A “senior US official” leaked an audio recording of a telephone conversation between Obama and Prime Minister Binyamin Netanyahu to Channel One. In it the 35-minute conversation, which took place on Sunday, the US President appears downright hostile at points, and even cuts off Netanyahu in the middle of his protestations over a one-sided truce proposal which would have seen Hamas receive all its key demands, but that Israel ultimately rejected.
The following is an excerpt of the conversation, published in Hebrew by Channel One:
Obama: I demand that Israel agrees to an immediate, unilateral ceasefire and halt all offensive activities – particularly airstrikes. Continue reading
Early one morning in April last year, someone accessed an underground vault just south of San Jose, California, and cut through fiber-optic cables there. The incident blacked out phone, Internet and 911 service for thousands of people in Silicon Valley.
Such incidents, often caused by vandals, seem fairly common, but exactly how often do they occur? Since 2007, the U.S. telecom infrastructure has been targeted by more than a thousand malicious acts that resulted in severe outages, according to data obtained by IDG from the Federal Communications Commission (FCC) under the Freedom of Information Act.
The reports themselves are confidential for national security and commercial reasons, but aggregate data provided by the FCC shows there were 1,248 incidents resulting in major outages over the last seven years. Continue reading
U.S. Census Bureau foreign trade data show that exports rose 17 percent from March through May _ the most recent months for which the data is available _ compared with the previous three months, before sanctions were imposed. The value of exports has risen in each consecutive month this year, an unusual trend in a trade relationship that historically fluctuates on a monthly basis.
Russian markets account for less than 1 percent of U.S. exports, but what the U.S. sells to Russia is largely high-tech and expensive goods, including technology and equipment for the energy sector, which faces the threat of targeted sanctions.
Robert Kahn, a senior fellow in international economics at the Council on Foreign Relations, said the rise in exports was evidence that Russian companies were stockpiling goods with the expectation that future sanctions would prevent U.S. companies from selling to their country. Continue reading
China-based hackers stole plans for Israel’s Iron Dome missile defense system in 2011 and 2012, according to an investigation by a Maryland-based cyber security firm first reported by independent journalist Brian Krebs.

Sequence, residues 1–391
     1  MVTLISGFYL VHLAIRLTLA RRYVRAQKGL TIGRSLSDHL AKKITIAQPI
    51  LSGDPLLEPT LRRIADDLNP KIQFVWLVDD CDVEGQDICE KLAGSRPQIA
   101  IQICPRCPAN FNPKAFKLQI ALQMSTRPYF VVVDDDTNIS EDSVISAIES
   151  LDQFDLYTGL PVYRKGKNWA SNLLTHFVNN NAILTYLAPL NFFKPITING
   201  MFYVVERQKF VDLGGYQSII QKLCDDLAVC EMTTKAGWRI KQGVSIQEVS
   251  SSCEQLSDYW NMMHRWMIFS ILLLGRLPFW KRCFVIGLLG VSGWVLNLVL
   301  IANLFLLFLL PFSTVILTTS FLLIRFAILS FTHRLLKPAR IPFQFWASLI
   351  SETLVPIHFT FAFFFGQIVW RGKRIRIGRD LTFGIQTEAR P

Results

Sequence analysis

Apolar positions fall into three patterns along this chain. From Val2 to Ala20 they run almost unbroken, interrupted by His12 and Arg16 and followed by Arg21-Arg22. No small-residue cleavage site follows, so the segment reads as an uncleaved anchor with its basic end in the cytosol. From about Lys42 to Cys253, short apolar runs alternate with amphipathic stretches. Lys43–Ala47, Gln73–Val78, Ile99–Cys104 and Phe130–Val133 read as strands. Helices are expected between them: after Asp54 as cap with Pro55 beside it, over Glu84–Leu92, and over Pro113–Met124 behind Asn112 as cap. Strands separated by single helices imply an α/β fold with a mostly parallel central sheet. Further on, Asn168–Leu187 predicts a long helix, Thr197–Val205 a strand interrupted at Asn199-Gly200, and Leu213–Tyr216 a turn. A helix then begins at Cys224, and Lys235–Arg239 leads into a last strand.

The hackers also stole plans related to other missile interceptors, including the Arrow 3, which was designed by Boeing and other U.S.-based companies.
According to Krebs, “the attacks bore all of the hallmarks of the ‘Comment Crew,’ a prolific and state-sponsored hacking group associated with the Chinese People’s Liberation Army (PLA) and credited with stealing terabytes of data from defense contractors and U.S. corporations.” The hackers gained access to the systems of three Israeli companies working on missile defense. Maryland-based Cyber Engineering Services could prove that 700 documents were stolen in the breach although it’s likely that the actual number is higher. Continue reading
ASPEN, Colo.—China’s advanced cruise and ballistic missiles pose a significant threat in future conflict with the United States, the chief of naval operations (CNO) warned last week.
Adm. Jonathan Greenert, the CNO, also said during a security conference Friday that China is building a second aircraft carrier that could be deployed in the not too distant future.
Asked what Chinese weapons systems he is most concerned about if the United States went to war with China, Greenert noted Beijing’s growing arsenal of cruise and ballistic missiles.
“They have an extraordinary selection of cruise missiles, and a ballistic missile force that they developed,” Greenert told the Aspen Security Forum.
If the conflict were close to China, the missile forces would pose the most serious threat, he said.
“If it’s in their backyard, I’m a little worried about their ballistic missile [force] because of its reach,” Greenert said. Continue reading